Thanks for the memories, Hermann

Hermann Hreidarsson at Wembley in 2010
Hermann Hreidarsson at Wembley in 2010

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Picture the scene, if you will.

The night is soot black, rain cascades enthusiastically from the heavens.

A 10-seater mini-bus is negotiating tight lanes hemmed in by South Carolina swamp land infested with alligators.

And at the wheel is Hermann Hreidarsson.

Nervous looks are exchanged between Hayden Mullins and Liam Lawrence.

Jason Pearce grips for dear life to either side of his seat.

The last rites are tapped out on several Twitter accounts on mobile phones.

And myself and my News colleague Steve Wilson are sat at the back looking achingly for our hotel.

The setting is Charleston, the time is July 2011.

As ever, Hreidarsson has volunteered his services to man one of the two means of mini-bus transport during Pompey’s pre-season tour of America.

He also kindly stepped forward the previous year in Ventura, California.

An experienced head and responsible driver, this was a man who could be trusted.

Granted, the 37-year-old got us back to the Holiday Inn intact and without a scratch on the vehicle he was driving.

But it was a stomach-churning and bruise-inducing journey which was greeted with audible sighs of relief when it ended.

The man at the centre of it all was oblivious, caught up in some American rock music he had insisted remained on the radio.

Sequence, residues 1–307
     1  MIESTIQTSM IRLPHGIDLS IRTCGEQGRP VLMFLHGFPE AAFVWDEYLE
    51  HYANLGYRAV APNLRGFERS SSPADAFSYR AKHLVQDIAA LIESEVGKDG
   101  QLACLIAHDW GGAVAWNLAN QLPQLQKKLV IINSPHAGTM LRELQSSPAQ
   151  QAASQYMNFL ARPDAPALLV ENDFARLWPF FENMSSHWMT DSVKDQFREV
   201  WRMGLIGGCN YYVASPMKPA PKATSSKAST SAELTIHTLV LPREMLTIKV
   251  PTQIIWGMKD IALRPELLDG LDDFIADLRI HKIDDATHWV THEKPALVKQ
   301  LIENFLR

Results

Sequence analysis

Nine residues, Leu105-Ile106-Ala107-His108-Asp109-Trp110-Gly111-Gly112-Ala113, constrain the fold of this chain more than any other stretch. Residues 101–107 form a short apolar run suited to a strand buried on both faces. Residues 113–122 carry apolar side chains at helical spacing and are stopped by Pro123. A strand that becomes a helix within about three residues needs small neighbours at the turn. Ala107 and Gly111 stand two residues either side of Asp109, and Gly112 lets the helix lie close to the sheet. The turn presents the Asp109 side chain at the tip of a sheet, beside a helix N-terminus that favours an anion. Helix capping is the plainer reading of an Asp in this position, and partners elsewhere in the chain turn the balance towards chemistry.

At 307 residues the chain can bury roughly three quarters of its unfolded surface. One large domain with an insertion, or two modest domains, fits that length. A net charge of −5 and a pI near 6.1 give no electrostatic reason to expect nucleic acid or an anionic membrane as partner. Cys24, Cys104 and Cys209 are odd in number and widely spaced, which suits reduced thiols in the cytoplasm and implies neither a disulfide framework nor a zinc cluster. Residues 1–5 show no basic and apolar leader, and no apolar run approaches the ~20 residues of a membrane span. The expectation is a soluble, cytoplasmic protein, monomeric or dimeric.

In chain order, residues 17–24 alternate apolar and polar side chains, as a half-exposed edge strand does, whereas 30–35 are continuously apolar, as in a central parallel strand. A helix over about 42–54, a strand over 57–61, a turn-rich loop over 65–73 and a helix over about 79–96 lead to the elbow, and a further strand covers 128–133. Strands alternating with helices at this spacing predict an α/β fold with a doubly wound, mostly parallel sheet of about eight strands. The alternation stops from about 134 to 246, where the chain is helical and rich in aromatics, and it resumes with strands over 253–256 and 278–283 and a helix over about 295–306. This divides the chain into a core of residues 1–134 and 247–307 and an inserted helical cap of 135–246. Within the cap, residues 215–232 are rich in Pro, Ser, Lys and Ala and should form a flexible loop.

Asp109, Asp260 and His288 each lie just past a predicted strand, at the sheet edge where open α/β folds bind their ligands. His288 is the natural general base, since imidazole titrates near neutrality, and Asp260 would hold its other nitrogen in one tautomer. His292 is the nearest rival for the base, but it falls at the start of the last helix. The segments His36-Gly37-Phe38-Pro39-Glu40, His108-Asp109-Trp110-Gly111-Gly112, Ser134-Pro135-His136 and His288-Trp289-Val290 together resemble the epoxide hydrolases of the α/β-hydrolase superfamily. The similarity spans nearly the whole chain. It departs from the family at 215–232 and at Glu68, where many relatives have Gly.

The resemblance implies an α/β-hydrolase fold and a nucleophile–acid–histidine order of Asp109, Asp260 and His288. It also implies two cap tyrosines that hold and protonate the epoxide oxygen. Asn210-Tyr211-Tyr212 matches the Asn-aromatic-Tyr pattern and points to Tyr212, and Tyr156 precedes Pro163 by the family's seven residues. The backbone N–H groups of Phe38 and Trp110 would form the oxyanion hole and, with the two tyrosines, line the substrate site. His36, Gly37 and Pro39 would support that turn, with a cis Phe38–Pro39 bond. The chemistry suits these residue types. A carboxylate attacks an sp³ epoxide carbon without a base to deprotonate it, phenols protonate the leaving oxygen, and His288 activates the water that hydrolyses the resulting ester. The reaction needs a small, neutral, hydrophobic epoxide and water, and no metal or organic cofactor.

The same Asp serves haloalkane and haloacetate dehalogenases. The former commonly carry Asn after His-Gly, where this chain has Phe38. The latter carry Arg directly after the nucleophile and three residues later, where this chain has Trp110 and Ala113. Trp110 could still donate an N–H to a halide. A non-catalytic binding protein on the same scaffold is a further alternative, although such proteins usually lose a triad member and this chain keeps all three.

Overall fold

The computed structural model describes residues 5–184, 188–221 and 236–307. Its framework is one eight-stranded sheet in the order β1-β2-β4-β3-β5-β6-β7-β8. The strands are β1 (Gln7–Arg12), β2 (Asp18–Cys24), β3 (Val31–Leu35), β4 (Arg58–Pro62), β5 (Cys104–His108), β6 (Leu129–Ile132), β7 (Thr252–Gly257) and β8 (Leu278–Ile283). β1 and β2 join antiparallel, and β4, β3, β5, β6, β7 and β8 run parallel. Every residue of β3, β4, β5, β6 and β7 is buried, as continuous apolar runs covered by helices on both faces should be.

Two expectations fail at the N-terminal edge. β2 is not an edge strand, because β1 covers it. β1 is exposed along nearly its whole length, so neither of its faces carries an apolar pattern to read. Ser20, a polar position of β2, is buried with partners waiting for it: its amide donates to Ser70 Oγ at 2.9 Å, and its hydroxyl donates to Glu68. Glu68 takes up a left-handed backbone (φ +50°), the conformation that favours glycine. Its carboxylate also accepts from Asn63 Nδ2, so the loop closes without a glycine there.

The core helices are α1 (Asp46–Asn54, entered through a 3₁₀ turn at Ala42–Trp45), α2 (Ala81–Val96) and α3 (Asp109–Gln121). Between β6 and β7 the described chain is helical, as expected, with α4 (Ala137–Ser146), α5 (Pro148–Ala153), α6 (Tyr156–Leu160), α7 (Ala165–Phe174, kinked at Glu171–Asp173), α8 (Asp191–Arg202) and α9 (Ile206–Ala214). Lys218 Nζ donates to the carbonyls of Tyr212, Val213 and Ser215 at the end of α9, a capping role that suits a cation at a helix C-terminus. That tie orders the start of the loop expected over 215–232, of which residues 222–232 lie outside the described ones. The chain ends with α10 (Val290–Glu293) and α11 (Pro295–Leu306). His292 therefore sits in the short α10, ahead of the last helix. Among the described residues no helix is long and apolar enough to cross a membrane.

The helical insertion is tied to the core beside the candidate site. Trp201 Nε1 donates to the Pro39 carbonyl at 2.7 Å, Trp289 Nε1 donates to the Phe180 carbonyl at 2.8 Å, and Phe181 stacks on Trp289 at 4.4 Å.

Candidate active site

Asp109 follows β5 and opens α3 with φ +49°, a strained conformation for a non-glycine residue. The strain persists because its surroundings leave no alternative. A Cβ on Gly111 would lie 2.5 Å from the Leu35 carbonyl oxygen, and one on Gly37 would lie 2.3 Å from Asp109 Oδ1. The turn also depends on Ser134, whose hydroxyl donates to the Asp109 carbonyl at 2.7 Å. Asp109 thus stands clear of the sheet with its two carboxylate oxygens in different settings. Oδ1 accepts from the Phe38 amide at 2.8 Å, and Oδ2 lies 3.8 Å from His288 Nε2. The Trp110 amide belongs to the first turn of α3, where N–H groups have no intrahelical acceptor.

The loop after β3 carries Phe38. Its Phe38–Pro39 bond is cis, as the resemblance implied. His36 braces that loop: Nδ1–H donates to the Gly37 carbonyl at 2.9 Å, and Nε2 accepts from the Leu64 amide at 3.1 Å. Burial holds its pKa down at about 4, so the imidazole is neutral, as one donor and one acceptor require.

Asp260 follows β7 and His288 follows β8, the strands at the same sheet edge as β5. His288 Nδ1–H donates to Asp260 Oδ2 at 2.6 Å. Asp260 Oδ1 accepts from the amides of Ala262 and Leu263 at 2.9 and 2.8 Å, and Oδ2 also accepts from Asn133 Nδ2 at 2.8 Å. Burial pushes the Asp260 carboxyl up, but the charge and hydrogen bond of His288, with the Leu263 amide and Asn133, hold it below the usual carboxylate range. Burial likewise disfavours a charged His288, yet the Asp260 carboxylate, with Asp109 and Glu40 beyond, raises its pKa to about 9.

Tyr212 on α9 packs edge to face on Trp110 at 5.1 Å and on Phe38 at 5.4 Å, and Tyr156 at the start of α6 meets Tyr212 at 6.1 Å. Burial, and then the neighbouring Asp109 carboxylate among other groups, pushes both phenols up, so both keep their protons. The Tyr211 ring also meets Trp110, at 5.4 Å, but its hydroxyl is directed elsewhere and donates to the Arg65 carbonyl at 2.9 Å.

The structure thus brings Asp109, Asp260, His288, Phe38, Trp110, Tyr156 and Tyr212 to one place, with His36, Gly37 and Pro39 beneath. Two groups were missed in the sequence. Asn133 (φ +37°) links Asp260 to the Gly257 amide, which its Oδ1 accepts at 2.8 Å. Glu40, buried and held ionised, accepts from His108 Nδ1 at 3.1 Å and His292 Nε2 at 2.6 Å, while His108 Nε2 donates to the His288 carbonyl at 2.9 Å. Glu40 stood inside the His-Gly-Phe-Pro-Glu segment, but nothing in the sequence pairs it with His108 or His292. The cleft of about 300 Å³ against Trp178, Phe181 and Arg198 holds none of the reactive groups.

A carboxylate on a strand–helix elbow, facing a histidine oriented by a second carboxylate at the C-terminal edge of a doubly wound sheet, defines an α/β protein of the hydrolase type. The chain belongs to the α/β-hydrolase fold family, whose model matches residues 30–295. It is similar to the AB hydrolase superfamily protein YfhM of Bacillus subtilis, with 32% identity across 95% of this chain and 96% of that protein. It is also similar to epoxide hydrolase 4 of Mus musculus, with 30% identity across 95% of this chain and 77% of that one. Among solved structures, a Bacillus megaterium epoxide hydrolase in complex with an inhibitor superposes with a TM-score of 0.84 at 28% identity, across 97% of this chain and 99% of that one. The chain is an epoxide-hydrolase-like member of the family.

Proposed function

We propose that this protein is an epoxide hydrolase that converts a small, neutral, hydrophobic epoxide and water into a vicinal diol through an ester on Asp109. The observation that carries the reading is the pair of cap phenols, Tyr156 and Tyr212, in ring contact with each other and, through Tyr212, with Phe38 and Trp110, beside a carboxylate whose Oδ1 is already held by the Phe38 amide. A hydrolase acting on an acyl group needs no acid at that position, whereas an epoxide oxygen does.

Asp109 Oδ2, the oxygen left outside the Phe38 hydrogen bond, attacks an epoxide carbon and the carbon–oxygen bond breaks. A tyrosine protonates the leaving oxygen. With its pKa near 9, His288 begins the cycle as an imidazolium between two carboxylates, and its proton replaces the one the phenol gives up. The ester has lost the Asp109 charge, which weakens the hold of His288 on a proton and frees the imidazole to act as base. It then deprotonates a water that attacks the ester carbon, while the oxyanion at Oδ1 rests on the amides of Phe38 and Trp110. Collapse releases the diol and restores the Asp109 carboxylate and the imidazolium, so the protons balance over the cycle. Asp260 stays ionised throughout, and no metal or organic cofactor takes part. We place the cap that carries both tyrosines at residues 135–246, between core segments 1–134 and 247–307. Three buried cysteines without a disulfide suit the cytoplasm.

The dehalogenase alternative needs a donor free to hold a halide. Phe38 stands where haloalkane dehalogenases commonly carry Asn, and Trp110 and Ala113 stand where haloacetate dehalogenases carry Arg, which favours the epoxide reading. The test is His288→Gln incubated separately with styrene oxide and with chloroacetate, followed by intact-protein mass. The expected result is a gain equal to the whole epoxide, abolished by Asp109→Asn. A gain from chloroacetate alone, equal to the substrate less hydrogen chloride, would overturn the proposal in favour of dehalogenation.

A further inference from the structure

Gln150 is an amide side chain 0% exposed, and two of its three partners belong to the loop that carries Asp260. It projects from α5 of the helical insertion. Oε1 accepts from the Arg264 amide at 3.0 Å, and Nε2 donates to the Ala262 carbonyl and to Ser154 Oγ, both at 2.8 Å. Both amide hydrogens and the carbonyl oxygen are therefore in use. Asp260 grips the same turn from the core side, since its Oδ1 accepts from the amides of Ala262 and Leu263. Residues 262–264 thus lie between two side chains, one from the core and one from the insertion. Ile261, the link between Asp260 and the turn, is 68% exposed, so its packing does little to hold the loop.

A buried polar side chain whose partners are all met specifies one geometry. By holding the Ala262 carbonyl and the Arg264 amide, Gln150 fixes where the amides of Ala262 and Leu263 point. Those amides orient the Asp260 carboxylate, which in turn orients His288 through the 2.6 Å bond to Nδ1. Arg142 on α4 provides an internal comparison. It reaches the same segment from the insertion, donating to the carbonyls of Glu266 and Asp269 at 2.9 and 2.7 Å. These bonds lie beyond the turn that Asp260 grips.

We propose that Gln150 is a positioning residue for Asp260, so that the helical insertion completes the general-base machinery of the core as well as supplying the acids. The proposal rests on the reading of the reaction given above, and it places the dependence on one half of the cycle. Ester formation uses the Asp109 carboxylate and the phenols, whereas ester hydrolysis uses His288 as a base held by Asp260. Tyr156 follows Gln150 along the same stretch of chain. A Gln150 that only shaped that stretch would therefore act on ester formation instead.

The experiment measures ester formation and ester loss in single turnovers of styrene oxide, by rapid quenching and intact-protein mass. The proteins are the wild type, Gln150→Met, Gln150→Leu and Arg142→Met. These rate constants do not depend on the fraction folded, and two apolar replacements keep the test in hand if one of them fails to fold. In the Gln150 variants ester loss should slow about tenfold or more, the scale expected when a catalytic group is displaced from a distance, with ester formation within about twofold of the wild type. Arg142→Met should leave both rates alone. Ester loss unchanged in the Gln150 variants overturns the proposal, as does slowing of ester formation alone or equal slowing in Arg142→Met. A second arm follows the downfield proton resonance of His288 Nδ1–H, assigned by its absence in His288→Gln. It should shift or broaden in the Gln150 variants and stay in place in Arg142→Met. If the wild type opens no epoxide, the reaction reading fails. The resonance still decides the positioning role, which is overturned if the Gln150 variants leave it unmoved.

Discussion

While his passengers scraped themselves out of the minibus upon arrival and embraced terra firma, he casually strode away.

That fateful trip was typical Hermann.

And one of my abiding memories of a Pompey modern-day legend who has left for pastures new.

You see, with Hermann around something always happened.

Entirely instigated by himself, you understand, but things always occurred.

On the pitch he was a member of the greatest Pompey team in modern history.

They won the 2008 FA Cup, they recorded the club’s best top-flight finish in half a century and they entered European competition for the first-ever time.

What players, what a team; wonderful days and a golden era.

And a veteran Icelandic international with a habit of getting relegated was an integral part of it.

Off the pitch he patrolled the training ground corridors like an amiable Tyrannosaurus Rex.

Always playful, always boyishly enthusiastic, yet never quite had full comprehension of his own powerful strength.

Then again, perhaps he did and that was the whole point.

When Glen Little signed in the summer of 2008 on a free transfer from Reading he learned the hard way.

During a pre-season tour to Devon, one afternoon, Hreidarsson sprang from nowhere to push his new team-mate off his chair.

‘You talk too much,’ came Hermann’s damning judgement – and he had a point.

However, that moment injured Little’s toe, ruling him out of a friendly trip to Swindon.

An Elvis fanatic, Hreidarsson serenaded his team-mates on the eve of the 2008 FA Cup final.

While dining in an Italian restaurant with manager Harry Redknapp present, a karaoke machine caught his eye.

Inevitably he put himself forward for a turn.